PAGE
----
09 September 2020 News

The brain reorganises itself in space but is not destroyed, new study says

The brains of 11 male cosmonauts from Russia who spent an average of six months in space have been analysed to assess changes that occur due to microgravity. Image: NASA
The brains of 11 male cosmonauts from Russia who spent an average of six months in space have been analysed to assess changes that occur due to microgravity. Image: NASA

It’s good news for anyone planning on spending months floating around in the International Space Station (ISS) or for those who might one day find themselves on a long-haul flight to Mars, as researchers imaging the brains of Russian cosmonauts have found that while the brain does undergo changes in a microgravity environment, it doesn’t deteriorate.

Previous experiments on astronauts who have spent months in space have shown that long-duration spaceflight causes widespread physiological changes to the human body.

This was most apparent when NASA conducted a ground-breaking study on American astronaut Scott Kelly and his twin brother Mark.

While Scott spent a year on the ISS, Mark remained on Earth and was used as a ground-based control subject to compare against any changes that Scott might undergo during his long stay in space.

The study revealed, amongst other things, that as soon as an astronaut gets into space, thousands and thousands of genes change how they are turned on and turned off; a process that is known as methylation.

Despite landmark studies such as this, little is known about how well the brain copes when exposed to long durations in space.

Past studies that have been conducted on astronauts have generally been carried out with conventional magnetic resonance imaging (MRI) scans, which looks at the macroscopic volumetric changes of a brain, I.e. it looks at the bigger stuff, but this scanning method means that microscopic changes get overlooked.

By employing a new technique, known as diffusion MRI, scientists have been able to analyse more changes in the brain, including white matter (WM), gray matter (GM), and cerebrospinal fluid (CSF).

"This specific type of MRI we used, diffusion MRI, operates by acquiring 153 brain scans for each session, rather than just one brain scan," lead researcher Steven Jillings, doctoral student at the University of Antwerp says, and "each of these 153 scans have slightly different parameters."

The willing subjects who underwent the analysis were 11 male cosmonauts from Russia who spent an average of six months in space.

The cosmonauts were scanned before the flight, 9 days after (postflight), and were followed up again with a another round of imaging seven months later.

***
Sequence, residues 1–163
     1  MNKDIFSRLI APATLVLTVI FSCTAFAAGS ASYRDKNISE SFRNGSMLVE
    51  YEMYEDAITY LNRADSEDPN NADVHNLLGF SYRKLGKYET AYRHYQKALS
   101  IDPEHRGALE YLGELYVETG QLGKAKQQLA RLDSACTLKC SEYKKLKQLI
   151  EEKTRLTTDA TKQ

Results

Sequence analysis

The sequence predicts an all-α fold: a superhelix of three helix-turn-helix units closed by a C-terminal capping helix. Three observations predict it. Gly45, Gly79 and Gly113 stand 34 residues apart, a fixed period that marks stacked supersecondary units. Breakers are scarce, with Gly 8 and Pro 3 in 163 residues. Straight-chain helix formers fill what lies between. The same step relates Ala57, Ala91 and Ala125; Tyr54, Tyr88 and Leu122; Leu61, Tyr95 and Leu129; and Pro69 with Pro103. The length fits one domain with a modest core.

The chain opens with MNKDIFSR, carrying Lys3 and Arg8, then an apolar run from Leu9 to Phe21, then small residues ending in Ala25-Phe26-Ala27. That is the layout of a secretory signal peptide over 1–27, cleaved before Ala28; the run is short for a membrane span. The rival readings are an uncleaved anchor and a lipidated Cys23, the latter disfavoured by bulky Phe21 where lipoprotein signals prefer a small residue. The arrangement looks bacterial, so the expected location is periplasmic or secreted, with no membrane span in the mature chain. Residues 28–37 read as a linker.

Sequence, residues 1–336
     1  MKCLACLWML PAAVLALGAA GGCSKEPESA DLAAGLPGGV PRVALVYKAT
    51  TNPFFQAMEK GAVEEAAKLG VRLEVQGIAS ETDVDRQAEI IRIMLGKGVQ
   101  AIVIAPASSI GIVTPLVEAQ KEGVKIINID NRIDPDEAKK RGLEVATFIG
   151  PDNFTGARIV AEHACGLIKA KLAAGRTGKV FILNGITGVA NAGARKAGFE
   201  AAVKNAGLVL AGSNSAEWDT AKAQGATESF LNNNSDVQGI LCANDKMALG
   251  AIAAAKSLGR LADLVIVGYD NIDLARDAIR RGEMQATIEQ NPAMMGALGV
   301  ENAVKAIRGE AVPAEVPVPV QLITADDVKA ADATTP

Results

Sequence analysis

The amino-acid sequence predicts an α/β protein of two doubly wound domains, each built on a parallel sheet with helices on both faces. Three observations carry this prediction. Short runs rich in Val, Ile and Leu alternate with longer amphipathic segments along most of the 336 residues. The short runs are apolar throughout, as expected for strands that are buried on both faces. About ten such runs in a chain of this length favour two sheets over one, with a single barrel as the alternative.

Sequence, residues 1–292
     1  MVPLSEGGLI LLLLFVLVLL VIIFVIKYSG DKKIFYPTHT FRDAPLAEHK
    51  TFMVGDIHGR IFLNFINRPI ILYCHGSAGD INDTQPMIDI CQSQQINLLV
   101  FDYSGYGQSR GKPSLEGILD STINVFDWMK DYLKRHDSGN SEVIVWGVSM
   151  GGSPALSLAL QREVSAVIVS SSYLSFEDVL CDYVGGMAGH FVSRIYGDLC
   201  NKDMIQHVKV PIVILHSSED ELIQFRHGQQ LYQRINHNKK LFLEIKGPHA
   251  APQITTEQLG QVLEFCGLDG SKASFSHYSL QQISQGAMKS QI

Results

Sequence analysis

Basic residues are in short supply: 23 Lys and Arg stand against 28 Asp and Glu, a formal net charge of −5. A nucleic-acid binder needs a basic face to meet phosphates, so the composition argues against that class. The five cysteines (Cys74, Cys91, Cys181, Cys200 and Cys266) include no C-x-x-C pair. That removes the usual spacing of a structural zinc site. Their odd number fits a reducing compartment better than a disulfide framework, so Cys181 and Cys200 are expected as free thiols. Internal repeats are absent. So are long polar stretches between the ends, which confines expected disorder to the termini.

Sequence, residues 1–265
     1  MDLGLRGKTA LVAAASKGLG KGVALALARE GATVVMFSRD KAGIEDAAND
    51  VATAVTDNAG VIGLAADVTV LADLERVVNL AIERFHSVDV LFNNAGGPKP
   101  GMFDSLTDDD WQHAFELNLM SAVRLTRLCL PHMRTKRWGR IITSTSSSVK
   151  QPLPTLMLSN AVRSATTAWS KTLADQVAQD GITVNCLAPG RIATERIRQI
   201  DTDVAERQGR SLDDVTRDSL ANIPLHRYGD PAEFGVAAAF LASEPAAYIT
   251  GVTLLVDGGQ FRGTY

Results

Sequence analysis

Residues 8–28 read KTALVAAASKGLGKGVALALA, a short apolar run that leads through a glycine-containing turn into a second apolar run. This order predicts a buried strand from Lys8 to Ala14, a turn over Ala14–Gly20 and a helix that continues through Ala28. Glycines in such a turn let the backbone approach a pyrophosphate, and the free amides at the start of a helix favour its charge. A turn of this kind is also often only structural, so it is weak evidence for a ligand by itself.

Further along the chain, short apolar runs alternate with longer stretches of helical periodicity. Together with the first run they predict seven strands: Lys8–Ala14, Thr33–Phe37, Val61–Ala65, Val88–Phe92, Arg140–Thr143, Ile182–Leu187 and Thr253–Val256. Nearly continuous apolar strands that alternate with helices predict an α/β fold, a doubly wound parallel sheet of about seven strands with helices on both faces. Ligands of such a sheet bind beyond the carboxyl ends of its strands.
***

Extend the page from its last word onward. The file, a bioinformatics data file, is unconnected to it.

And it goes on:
Changes to the brain fall under the term neuroplasticity and the teams results showed that prolonged exposure to microgravity caused increased white matter in the cerebellum (the “little brain” responsible for coordinating voluntary movements, balance, coordination, and posture) after spaceflight and a widespread redistribution of cerebrospinal fluid.

Thankfully, no brain tissue was not lost or destroyed.

"We started this study to investigate whether neuroplasticity occurs as a result of spaceflight," Jillings said. "Neuroplasticity is the ability of the brain to adapt to new situations and environments. This is also exactly what we found, namely neuroplasticity in motor regions of the brain."

The team surmise that the slight changes in the ratios of white and gray matter (found in the celebellum and basal ganglia respectively) are due to astronauts learning to move around in a weightless environment.

"We saw a decrease over the top half of the brain and an increase along the base or lower half of the brain," Jillings said. "This is something that has been shown in previous studies as well and points toward a redistribution of the fluid within the skull as a result of weightlessness. None of our findings are associated with cognitive function."

Like NASA’s Twin study, Jillings and colleagues found that some, but not all, postflight changes had returned to normal after seven months back on Earth. Though “net GM or WM tissue remained increased to some degree in sensorimotor brain areas,” say the authors in their research paper published recently in the journal Science Advances.

Many open questions remain, Jillings said and it is quite possible that spaceflight affects first-time flyers stronger than experienced flyers, write the authors.

It is also not known whether accumulative time in space – either longer mission durations or multiple missions to space – also causes accumulative effects, adds Jillings.

As such, follow up studies to investigate whether age, mission duration and previous space experience play a role in changing an astronaut's brain are expected.

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